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David Crosby and Friends Revive Protest Classics for the Trump Era at NYC Show

Chris Thile, Laura Mvula, Snarky Puppy and others joined forces with the veteran singer-songwriter during a night of topical songs both new and old

david crosby and snarky puppy carnegie hall

David Crosby, Chris Thile and others performed classic protest songs at a moving, and timely, concert at Carnegie Hall on Thursday.

Fadi Kheir

“I wrote this song a year ago, which means it’s not from the Sixties,” singer and mandolinist Chris Thile joked at Carnegie Hall on Thursday. Thile was referring to the theme of the night – an evening of durable protest songs, pegged to a city-wide festival devoted to the legacy of that decade. But in every way, he wasn’t kidding: In a dramatic version of “Falsetto,” from his 2017 album Thanks for Listening, the Punch Brother and radio host imagined what a certain current president would say to an entertainer who dared speak his or her mind: “Don’t tell it like it is/Entertainers better keep the entertainment light,” before criticizing the artist’s “girly falsetto” (which, almost proudly, Thile flashed during the song).

The topical song isn’t dead – consider much of Kendrick Lamar’s work or recent contributions like Eminem’s “The Storm” and Pink’s “What About Us” – but in the age of Donald Trump, the tradition isn’t flourishing quite as much as one would expect. The Carnegie Hall show, which brought together a variety of performers, including David Crosby, pointed out how vital (and musically remarkable) that lineage was – and the ways it’s being carried on around the world.

The night began with a different sort of inspired nostalgia: Fronted by bassist Michael League, the nine-piece Snarky Puppy, which served as the house band for the entire show, played an elastic three-song set of vampy instrumentals that tipped its hat to jazz fusion of the Seventies, down to keyboardist Shaun Martin’s delightfully squealy synth solos. Crosby, who’s worked with League and Snarky Puppy in various settings, revisited topical songs such as CSN’s “Long Time Gone” (with League and Michelle Willis offering up the required harmonies) and his erstwhile bandmate Stephen Stills’ “For What It’s Worth.” (This was likely the first time Crosby has sung lead on that song in public). As in recent years, Crosby also revived the finger-pointing “What Are Their Names” from his 1971 solo album If I Could Only Remember My Name.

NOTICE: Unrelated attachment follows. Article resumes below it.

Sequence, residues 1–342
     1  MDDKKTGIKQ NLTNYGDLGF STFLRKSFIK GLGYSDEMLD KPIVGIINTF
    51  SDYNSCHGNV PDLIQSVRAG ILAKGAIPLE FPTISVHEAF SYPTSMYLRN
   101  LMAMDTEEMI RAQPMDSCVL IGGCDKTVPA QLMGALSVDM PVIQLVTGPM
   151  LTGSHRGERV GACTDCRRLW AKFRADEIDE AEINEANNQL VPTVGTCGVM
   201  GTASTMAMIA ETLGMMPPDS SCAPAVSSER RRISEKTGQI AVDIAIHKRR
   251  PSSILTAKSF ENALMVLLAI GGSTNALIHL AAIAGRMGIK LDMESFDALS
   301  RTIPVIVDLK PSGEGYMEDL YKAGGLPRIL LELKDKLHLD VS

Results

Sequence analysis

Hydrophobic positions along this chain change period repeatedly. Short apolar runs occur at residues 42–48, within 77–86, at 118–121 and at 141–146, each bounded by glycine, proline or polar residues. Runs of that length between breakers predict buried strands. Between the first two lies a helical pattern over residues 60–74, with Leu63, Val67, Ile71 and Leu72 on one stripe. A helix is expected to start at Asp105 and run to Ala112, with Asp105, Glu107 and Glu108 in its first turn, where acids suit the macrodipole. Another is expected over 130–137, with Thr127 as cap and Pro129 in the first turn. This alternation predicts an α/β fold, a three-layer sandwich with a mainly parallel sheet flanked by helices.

The past came alive in similar ways throughout the night. Thile (who recently took over hosting duties of A Prairie Home Companion, now retitled Live from Here) unleashed a dramatic, mostly voice-and-mandolin version of Bob Dylan’s “Masters of War,” then broke out his funky, Americana-Timberlake side and stage moves with a limber version of Stevie Wonder’s anti-Nixon “You Haven’t Done Nothin.'” British singer Laura Mvula offered up a simmering take on Marvin Gaye’s “Inner City Blues” that conjured the spirit of Nina Simone.

Living up to League’s introduction, in which he said he’d invited “artists from all corners of the world” to celebrate the topical song tradition, Fatoumata Diawara, the singer and guitarist originally from Mali, provided two of the night’s most striking moments. Her ode to the power of women, “Mousso,” sung in her native language, was hypnotic, and her captivating stage spins enhanced her anthemic “Unite.” Both Afrobeat-steeped songs were also a testament to the way Snarky Puppy can seemingly adapt to any and every genre. In addition to Thile’s “Falsetto,” Snarky Puppy trumpeter Mike “Maz” Maher stepped up to the mic for his “These Words,” a commentary on the influence of music in politics that cannily couches its message in smooth-jazz balladeering.

While we all await further anti-Trump songs to emerge, the show ended with one of the best examples of how it’s done – an all-on-deck version of Neil Young’s “Ohio,” with Crosby and League sharing the lead vocals. As a protest song, “Ohio” remains almost impossible to top, even after 47 years: Played by Snarky Puppy guitarist Bob Lanzetti, Young’s opening riff remains as sturdy – and chilling – as ever. And, sadly, so do its lyrics. At the show, “four dead in Ohio” suddenly felt as much about the shootings of so many young African-American men as it did about those Kent State students. For better or worse in terms of America, “Ohio” sounded as if it had been written this year. 

In This Article: Chris Thile, David Crosby

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